Analysis – ‘Mysterious’ US stock rally defies economic unease

Traders work on the floor of the NYSE in New York
FILE PHOTO: Traders work on the floor of the New York Stock Exchange (NYSE) in New York City, U.S. March 29, 2022. REUTERS/Brendan McDermid

March 30, 2022

By Lewis Krauskopf

NEW YORK (Reuters) – As a stunning recovery in US stocks continues, investors are wondering how long the rise can last amid a tightening Federal Reserve, bond market warnings of recession and geopolitical uncertainty.

The S&P 500 is up 11% since March 8, its biggest 15-day percentage gain since June 2020, led by many of the high-growth stocks that were under pressure for much of the year. The benchmark index pared its year-to-date losses to 2.8% after previously contracting as much as 12.5%.

The move came despite a host of concerns that rocked stocks earlier this quarter, including the war in Ukraine, rising inflation and a sharp rise in Treasury yields fueled by the Fed’s tightening policy.

Stocks shrugged off the latest ominous sign from the bond market on Tuesday. The S&P 500 closed up 1.2% even as the widely used 2-year/10-year US Treasury yield curve inverted for the first time since September 2019, a phenomenon that has reliably predicted previous recessions.

“It was puzzling,” said Jack Ablin, chief investment officer at Cresset Capital Management. “I think the bond market is sober and the stock market is unworldly.”

Investors are pointing to a number of factors that could drive the stock rally.

Many have been encouraged by Fed Chair Jerome Powell’s assessment that the US economy is strong enough to handle an aggressive pace of rate hikes and may be cheering a Fed that now appears to be tackling sky-high inflation head-on, analysts said.

The S&P 500 is up over 6% since the Fed’s March 16 policy meeting, which saw rates hike 25 basis points and tightening 150 basis points for the remainder of the year.

“While equity investors love low interest rates, they don’t like an inflationary environment that spirals out of control,” said J. Bryant Evans, investment advisor and portfolio manager at Cozad Asset Management.

Institutional investors have also been buoying prices in recent weeks as they unwound so-called “short” bets on stocks, analysts at Goldman Sachs said in a recent report.

At the same time, individual investors used the share weakness as a buying opportunity, the bank said.

According to Goldman, $93 billion of capital has flowed into U.S. equity funds year-to-date, “suggesting that households have continued to buy after a record year for U.S. equity inflows in 2021.”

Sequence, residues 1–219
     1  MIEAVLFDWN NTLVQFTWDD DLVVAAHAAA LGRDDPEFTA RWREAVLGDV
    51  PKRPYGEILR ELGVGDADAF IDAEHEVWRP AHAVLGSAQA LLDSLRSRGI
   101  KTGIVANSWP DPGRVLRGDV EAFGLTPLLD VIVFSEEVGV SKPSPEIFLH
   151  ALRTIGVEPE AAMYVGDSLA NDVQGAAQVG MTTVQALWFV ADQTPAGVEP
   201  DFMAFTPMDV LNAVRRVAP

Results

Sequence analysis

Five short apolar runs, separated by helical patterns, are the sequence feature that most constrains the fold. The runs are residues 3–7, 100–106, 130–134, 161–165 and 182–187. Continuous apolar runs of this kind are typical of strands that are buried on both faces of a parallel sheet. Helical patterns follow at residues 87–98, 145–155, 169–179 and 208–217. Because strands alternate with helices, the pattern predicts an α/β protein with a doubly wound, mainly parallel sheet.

In fact, many of the biggest winners of the stock rally came to retail investor favorites, which had rallied earlier this year as bond yields soared. These include so-called meme stock darlings GameStop and AMC Entertainment Holdings, which have more than doubled from their 2022 lows, and Cathie Wood’s ARK Innovation Fund ETF, which is up 36.5% from its recent low.

Yardeni Research strategist Ed Yardeni said March 8 may have marked a bottom for the stock market this year as he believes stocks are finding support from investors who are using stocks as a hedge against inflation, which peaked has been standing for almost four decades.

“The fog of war had obscured the outlook, but the long-term bull market, punctuated by panic attacks, remains intact,” he wrote on Tuesday.

Corporate earnings prospects also remain solid, even as higher energy and other prices threaten to squeeze profit margins. Estimates for S&P 500 earnings have risen year-to-date, with companies forecasting an 8.8% earnings increase in 2022 overall, according to Refinitiv IBES.

“Shares plummeted, but earnings estimates continued to climb,” said Matthew Miskin, co-chief investment strategist at John Hancock Investment Management. “Investors are hesitant to really divest from stocks here as the earnings and economic picture still looks very benign.”

Another factor could be investors adjusting their portfolios over the quarter, strategists at JPMorgan said. Investors’ portfolio rebalancing “likely played a major role over the past two weeks, hurting bonds and supporting stocks,” they wrote.

Many investors are wary of the recovery. Neuberger Berman said Monday it wants to “fade out” stock rallies.

“High inflation, rising interest rates and slowing growth present a potentially toxic mix for equity investors,” said Erik Knutzen, Neuberger’s chief investment officer, multi-asset class, in a written comment.

Robert Pavlik, senior portfolio manager at Dakota Wealth Management, said he’s holding slightly more cash than normal in client portfolios.

“I worry that this is a bear market rally that could reverse and that we could retest the lows,” Pavlik said.

(Reporting by Lewis Krauskopf; Editing by Ira Iosebashvili and Richard Pullin) Analysis – ‘Mysterious’ US stock rally defies economic unease


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